What Is Diwali? Everything To Know About India's Festival of Lights

How much do you know about Diwali, one of the biggest holidays celebrated in India? While another popular Indian holiday, Holi, is known as the “festival of colors,” Diwali is known as the “festival of lights” thanks to the practice of lighting oil lamps and decorating homes and cities with strings of twinkling lights to symbolize the victory of light over darkness. While many Hindus celebrate Diwali, people of various faiths mark the five-day festival in India and other countries. In fact, while Diwali is rooted in religious tradition, the festival has also become a secular holiday in India, similar to how Christmas has come to be celebrated by many Christians and non-Christians alike in the U.S. We’re taking a look at answers to some questions you may have about this holiday, including “What is Diwali?” and “When is Diwali 2022?”

What is Diwali?

Diwali, also known as Divali or Deepawali, is a major festival celebrated over five days in many parts of India by people of different faiths including many Hindus, Jains, Sikhs, Muslims and some Buddhists. It is sometimes referred to as "the festival of lights."

Many Hindus observe Diwali by lighting small oil lamps known as ‘diyas’ in honor of Lakshmi, the goddess of wealth and good fortune. The lamps symbolize the triumph of light over darkness and evil, according to Britannica.

Related: 25 Diwali Facts

When is Diwali 2022?

Diwali is a five-day religious festival. The main festival day falls on a different date each autumn, timed to the Hindu lunar calendar, but it usually falls in October or November. In 2022, Diwali falls on Monday, Oct. 24.

How is Diwali celebrated?

The Diwali festival takes place over five days. The first day, Dhanteras, is for celebrating Lakshmi, the Hindu goddess of wealth, prosperity, youth and beauty. On this first day, people buy new items such as jewelry, clothing and utensils and light lamps to welcome Lakshmi, according to India Today

The second day, known as Chhoti Diwali, Naraka Chaturdasi or Kali Chaudas, focuses on a story from Hindu mythology about the god Krishna and his defeat of the demon god Narakasura. On this day, some people put up twinkling lights to celebrate his victory.

The third day, known as Diwali, Deepawali, or Lakshmi Puja, is the most important day of the Diwali festival. On this day, people visit family and friends to feast and exchange sweets and gifts. People also continue to light lamps and candles to welcome light and prosperity from the goddess Lakshmi.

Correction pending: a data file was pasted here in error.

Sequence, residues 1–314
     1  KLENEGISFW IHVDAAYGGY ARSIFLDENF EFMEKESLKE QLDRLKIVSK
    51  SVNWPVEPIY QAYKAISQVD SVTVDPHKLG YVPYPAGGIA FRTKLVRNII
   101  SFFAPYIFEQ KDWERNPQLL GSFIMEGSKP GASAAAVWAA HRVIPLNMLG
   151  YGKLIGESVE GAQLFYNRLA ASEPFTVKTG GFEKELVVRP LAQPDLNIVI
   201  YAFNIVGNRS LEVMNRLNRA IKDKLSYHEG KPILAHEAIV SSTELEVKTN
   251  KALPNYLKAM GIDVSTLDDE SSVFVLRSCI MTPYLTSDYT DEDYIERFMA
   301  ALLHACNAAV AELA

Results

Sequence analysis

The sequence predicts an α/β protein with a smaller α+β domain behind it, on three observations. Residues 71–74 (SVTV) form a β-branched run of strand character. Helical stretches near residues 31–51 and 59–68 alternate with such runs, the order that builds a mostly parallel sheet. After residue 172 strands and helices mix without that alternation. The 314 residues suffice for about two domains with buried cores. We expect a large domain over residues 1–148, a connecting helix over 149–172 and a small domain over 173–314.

Related: Best Diwali Gifts

On the fourth day, known as Govardhan Puja or Padva, some people in northern India build small piles of cow dung as a symbol of how Krishna defeated the king of the Hindu gods, Indra, by lifting up a mountain. 

The fifth day, known as Bhai Dooj or Yama Dwitiva, is a day for brothers and sisters to honor one another. Siblings perform a ceremony called tilak and pray for one another. 

On this final day of Diwali, many people also set off fireworks. In 2017, India’s supreme court banned the sale of fireworks for Diwali in the capital, Delhi, citing concerns about pollution and air quality, according to the BBC.

What is the meaning of Diwali?

Diwali has ties to multiple religious stories across several faiths, so the meanings that people associate with Diwali may vary. In broad terms, it often represents the triumph of light over darkness.

In parts of northern India, many people associate Diwali with the ancient story of King Rama, an incarnation of the Hindu god Vishnu, according to History.com. According to the legend, Rama rescued his wife, Sita, from the evil king, Lanka, by building a bridge from India to Sri Lanka. 

Meanwhile, in Gujarat, a state in western India, the fourth day of Diwali coincides with New Year’s Day according to a Hindu calendar observed in that region. People celebrate by decorating their homes with lights and flowers, according to DiwaliFestival.org.

For non-Hindus, Diwali may have a different significance. For followers of Jainism, a non-theistic religion in India, Diwali “marks the nirvana or spiritual awakening of the spiritual leader Mahavira in 527 BCE,” according to National Geographic. Meanwhile, for followers of Sikhism, Diwali marks the day that the sixth of the ten Sikh gurus, Guru Hargobind Ji, was freed from imprisonment in the 17th century.

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Who celebrates Diwali?

Diwali is celebrated by people across different faiths in India, including Hindus, Jains, Sikhs, and some Muslims and Buddhists. Many people with South Asian heritage in other parts of the world also celebrate Diwali.

While Diwali is a religious festival, it has also become a secular national holiday celebrated widely across India, much like Christmas has become a holiday celebrated by Christians and non-Christians alike in the U.S., according to History.com

Related: Happy Chinese New Year 2022! The History of Chinese New Year

What do people eat during Diwali?

Diwali is a time for feasting with family and enjoying plenty of sweet treats. One popular delicacy is kaju katli, a fudge-like sweet made with ground cashews and sugar, and sometimes flavored with a touch of rose water. Another popular treat in northern India is besan burfi, another kind of fudge-like bar made from flour, sugar and cardamom and sprinkled with almonds or pistachios. Jalebi, a kind of sweet fried bread, is also a popular choice. Basically, it isn’t Diwali without dessert!

Next up, here are 10 Indian chicken recipes you must try at least once!

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